Yet, over the years, those of us who have grown to love Star Trek, whether we saw the series in first-run or later in syndication, remember it as much for these all-too-human failings as for its stunning prescience. Who would have imagined, back in the age of the rotary-dial telephone and room-sized computers, that in our own lifetimes we'd all flip open our palm-sized cell phones, just like Captain Kirk did with his communicator every week, or that we would routinely use tiny memory cards, smaller even than the colorful chips that littered Mr. Spock's library console, in portable computers not much larger than his trusty tricorder? Sure, they didn't get EVERYTHING right. Luckily there's been no "World War III" - yet, and no shipload of cryogenically frozen "supermen" blasted off to the stars in the late 1990's, but when you consider how much of our present day reality the creators of Star Trek imagined back then, well, it truly is "fascinating."

But, more influential even than the series' depiction of futuristic gadgets and hardware, was its vision of what we as human beings could achieve, despite our limitations and biases. The future world of Star Trek was not one darkened by apocalyptic struggle, or nuclear annihilation, but instead was bright and hopeful, full of adventure, heroism, and yes, occasionally sacrifice and sadness. But a FUTURE nonetheless, where all people, and indeed all beings, had the opportunity to live in peace and harmony with each other, if they so desired; where conflict and struggle were obstacles to be overcome, and not ends in themselves; and where our ability to exceed our potential was limited only by the scope of our own imaginations.

When I was young, I wanted to become an astronaut - in part because I wanted to help create the future that Star Trek envisioned. Later, when my eyesight and math aptitude seemed to preclude that particular career path, I became an actor instead - because I hoped someday to have the chance to do something as good and memorable as Star Trek. Today, I'm still in "the industry", albeit not on the stage or in front of the cameras, but instead working to provide opportunities for performers to realize their own dreams and ambitions. As the Klingons say, "The honor is to serve," and I hope my service to my profession and to my community of fellow artists has allowed others to go where I have not. That's another thing I learned from Star Trek: no matter what you do, no matter how small your task is in the bigger scheme of things, do it well, because the success of everyone depends on the success of each of us. It's not just about "the needs of the one" versus "the needs of the many"; it’s about "the needs of all."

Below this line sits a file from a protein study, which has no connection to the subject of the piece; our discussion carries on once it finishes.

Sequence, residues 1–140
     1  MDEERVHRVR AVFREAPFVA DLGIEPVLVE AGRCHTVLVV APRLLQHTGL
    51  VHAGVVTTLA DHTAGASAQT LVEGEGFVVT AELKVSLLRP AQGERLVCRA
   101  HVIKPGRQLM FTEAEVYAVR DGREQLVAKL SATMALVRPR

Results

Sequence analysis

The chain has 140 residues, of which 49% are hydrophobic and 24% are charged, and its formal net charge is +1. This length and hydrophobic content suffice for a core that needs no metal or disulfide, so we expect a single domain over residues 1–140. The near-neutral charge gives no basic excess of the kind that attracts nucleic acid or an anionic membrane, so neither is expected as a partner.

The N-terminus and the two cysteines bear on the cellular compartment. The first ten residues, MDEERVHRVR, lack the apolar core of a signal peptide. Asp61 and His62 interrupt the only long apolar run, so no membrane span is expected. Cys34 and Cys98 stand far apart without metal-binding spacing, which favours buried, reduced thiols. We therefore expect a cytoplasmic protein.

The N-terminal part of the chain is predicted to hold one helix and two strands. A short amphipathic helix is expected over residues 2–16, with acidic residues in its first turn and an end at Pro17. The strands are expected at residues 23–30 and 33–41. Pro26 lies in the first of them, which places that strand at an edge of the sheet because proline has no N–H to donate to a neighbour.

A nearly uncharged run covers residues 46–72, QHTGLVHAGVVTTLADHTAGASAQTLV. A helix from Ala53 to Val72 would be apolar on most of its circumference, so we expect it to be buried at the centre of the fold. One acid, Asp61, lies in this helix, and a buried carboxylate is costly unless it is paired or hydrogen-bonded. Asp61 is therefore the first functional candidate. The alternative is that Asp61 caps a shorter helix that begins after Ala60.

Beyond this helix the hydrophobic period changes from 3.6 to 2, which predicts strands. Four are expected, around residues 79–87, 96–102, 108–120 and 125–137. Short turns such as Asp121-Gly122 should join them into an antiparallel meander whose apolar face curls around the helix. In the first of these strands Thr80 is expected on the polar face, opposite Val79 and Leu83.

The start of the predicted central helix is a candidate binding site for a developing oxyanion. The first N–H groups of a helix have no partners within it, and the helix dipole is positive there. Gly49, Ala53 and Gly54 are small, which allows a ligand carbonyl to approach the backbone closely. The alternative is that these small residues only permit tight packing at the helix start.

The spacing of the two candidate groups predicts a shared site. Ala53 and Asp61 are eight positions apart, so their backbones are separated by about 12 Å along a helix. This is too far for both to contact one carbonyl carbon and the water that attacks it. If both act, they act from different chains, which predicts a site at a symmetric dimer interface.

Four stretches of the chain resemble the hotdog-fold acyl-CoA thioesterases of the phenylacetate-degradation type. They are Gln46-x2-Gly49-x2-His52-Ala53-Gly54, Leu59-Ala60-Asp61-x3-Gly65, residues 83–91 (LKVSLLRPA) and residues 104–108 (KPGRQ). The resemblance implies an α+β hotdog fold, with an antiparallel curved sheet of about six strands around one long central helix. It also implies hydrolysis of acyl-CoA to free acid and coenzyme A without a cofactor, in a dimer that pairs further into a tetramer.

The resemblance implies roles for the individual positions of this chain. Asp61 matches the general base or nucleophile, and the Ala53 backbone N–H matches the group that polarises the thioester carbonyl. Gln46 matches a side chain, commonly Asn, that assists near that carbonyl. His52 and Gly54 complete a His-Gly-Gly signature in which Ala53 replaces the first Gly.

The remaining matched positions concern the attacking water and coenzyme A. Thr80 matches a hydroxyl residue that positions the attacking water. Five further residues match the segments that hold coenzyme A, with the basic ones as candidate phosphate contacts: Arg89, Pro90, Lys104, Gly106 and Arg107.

And so, for forty years, I, like so many others, have kept the vigil: watching the various incarnations and reimaginings of the series, both on TV and film; purchasing the books, novels, magazines, blueprints, patches, photo stills, models, props, videos, DVDs, and who-knows-what; going to the conventions; keeping alive the dream Gene Roddenberry and so many others gave us. Because, to those of us with the imagination to truly see, the creators of Star Trek gave us more than just a TV show; they gave us the gift of a glimpse into a future where the best qualities of humanity shone with the light of a thousand suns; where everyone has been granted the opportunity to make the best use of their native talents and acquired skills; where worth is truly defined by the content of ones character, and not by the color of ones skin, nor the God to whom one worships, nor the land in which they were born. It is a future that we can all today help to turn into a reality, if we just have the grace, the imagination, and the courage to "boldly go where no man (or woman) has gone before."

Let's go!